Working towards greater community control over land, forests and natural resources

Government grants 4,700 hectares for rubber plantations

Another rubber concession has been approved despite concerns over the environmental impacts caused by industrial tree plantations. Photo from Sekong province; clearing land for a rubber concession.

Vientiane Times, January 3, 2012

The government has allocated another sizeable area of land for a Vietnamese firm to grow rubber trees despite concerns over the environmental impacts caused by industrial tree plantations. Deputy Minister of Natural Resources and Environment Dr Akhom Tounalom on Friday signed a 40-year land concession for the Lao-Viet joint venture to grow rubber trees on 131 plots of land totaling 4,739 hectares. Senior officials from the Ministry of Agriculture and Forestry, Ministry of Planning and Investment, Ministry of Natural Resource and Environment were present at the agreement signing in Vientiane.

According to a press release, 1,011 hectares of the allocated land are in Saravan province and the other plots are in Champassak. The concession fee is US$30 to US$40 per hectare depending on location. The rubber company agreed to increase the concession fee by five percent every five years, with the payment to be made directly to the Ministry of Finance.

The Ministry of Natural Resources and Environment decided to award the concession to the Vietnamese firm based on the belief that the project would bring much-needed funding into these rural areas to develop infrastructure. The project also aims to improve the quality of the land and add value to Laos’ natural resources. This would provide favourable conditions for the government to put its poverty reduction policy into practice as well as ensure the success of its socio-economic development plan.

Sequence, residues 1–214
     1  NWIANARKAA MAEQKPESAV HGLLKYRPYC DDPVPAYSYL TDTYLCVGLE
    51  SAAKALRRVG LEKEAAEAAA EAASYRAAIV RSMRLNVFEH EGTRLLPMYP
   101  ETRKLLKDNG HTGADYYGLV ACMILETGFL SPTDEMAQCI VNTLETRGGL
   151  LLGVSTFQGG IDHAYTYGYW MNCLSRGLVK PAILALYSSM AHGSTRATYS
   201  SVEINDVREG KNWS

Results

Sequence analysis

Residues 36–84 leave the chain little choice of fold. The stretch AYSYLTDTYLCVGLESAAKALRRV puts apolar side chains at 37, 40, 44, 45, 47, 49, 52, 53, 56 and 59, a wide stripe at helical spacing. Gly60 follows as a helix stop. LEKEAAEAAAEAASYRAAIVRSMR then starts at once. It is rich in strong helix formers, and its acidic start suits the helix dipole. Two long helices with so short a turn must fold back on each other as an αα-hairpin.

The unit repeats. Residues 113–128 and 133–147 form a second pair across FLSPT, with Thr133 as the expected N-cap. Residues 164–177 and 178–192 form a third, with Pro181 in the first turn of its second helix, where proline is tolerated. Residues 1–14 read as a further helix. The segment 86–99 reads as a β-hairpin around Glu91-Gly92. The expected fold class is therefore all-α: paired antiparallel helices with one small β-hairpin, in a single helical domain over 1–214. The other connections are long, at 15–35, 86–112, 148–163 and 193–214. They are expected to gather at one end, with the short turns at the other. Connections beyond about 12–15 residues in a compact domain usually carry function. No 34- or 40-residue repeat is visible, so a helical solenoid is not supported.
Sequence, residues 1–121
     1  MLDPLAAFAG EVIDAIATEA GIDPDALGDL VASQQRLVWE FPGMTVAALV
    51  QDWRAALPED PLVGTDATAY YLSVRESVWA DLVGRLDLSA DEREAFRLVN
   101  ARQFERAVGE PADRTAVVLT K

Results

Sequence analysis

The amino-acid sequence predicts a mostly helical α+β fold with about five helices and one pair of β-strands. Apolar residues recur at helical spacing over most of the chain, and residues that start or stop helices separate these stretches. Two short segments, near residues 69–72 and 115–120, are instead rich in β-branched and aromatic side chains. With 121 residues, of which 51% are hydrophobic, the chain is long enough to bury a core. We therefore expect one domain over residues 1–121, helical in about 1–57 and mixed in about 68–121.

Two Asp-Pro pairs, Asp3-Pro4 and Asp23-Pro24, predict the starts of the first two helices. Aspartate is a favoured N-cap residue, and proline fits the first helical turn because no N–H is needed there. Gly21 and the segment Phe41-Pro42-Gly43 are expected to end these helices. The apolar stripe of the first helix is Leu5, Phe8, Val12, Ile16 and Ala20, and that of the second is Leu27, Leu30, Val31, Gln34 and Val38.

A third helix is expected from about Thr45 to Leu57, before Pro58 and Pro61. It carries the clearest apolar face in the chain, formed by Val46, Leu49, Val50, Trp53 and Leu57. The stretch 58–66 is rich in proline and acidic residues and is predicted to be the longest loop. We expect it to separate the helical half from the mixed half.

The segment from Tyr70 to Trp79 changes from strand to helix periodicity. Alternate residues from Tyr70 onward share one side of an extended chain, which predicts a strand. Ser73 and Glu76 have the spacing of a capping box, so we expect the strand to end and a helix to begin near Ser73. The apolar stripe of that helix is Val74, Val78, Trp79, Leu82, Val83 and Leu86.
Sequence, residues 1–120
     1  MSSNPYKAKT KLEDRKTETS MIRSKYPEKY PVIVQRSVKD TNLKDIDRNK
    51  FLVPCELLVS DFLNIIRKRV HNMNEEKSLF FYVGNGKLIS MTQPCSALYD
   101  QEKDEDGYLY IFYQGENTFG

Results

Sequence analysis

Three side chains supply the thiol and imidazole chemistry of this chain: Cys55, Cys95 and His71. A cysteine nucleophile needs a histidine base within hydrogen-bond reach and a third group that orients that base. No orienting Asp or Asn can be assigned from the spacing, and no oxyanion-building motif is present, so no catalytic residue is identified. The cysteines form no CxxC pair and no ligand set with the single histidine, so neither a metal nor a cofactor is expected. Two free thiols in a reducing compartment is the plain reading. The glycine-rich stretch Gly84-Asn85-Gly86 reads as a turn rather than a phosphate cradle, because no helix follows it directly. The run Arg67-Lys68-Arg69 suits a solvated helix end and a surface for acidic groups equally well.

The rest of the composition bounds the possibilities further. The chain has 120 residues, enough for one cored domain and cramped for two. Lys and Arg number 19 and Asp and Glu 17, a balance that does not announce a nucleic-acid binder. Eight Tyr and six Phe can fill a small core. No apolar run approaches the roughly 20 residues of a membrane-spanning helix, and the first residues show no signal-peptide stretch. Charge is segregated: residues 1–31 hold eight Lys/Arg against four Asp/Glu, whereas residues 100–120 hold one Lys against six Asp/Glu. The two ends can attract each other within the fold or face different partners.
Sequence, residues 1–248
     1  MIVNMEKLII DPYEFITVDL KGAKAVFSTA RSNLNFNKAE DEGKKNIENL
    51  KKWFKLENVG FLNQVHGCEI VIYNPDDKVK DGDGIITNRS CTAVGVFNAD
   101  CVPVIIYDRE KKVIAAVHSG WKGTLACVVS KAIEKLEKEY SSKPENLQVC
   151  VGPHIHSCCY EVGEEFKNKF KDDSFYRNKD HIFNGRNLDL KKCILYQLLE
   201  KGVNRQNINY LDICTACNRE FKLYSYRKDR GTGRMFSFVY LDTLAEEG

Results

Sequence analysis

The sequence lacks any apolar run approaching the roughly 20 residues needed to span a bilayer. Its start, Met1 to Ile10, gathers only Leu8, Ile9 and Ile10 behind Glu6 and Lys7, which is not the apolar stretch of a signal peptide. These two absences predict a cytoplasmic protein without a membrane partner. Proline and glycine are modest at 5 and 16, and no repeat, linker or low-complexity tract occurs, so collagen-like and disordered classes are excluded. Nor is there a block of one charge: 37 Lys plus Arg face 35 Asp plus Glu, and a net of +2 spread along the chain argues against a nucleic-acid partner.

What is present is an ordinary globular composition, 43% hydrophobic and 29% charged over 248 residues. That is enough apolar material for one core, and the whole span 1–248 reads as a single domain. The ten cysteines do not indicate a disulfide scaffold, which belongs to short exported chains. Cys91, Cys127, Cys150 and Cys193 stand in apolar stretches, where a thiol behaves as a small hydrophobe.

The Ministry of Natural Resources and Environment also signed an agreement to allow the Nam Giep 2 hydropower plant developer to lease about five hectares of land over a period of 25 years in Phaxay district, Xieng Khuang province. The concession fee for this plot of land is US$1,000 per hectare, with the power company agreeing to increase the payment by five percent every five years. The ministry awarded the concession in line with the Party’s policy to turn Laos into ‘the battery of Asean’. The concession payment will be paid directly to the Ministry of Finance. The government has already approved about 340,000 hectares in land concessions to local and foreign investors on which to grow cash crops and industrial trees such as rubber and eucalyptus.

However, large-scale com-mercial agricultural projects like these are creating long term environmental challenges. According to a recent study by a group of Lao researchers, sweetcorn and rubber plantations in particular are degrading the land so that local communities can no longer use it to farm their crops. The group’s study was conducted on land under rubber cultivation in Namor district, and on sweetcorn plantations and upland rice farms in Hun district, Oudomxay province.

Webmaster’s note: See related article Limits set on future rubber plantations in Laos, September 2011, stating that rubber plantations have reached the 300,000 hectare ceiling set by the Ministry of Agriculture and Forestry.

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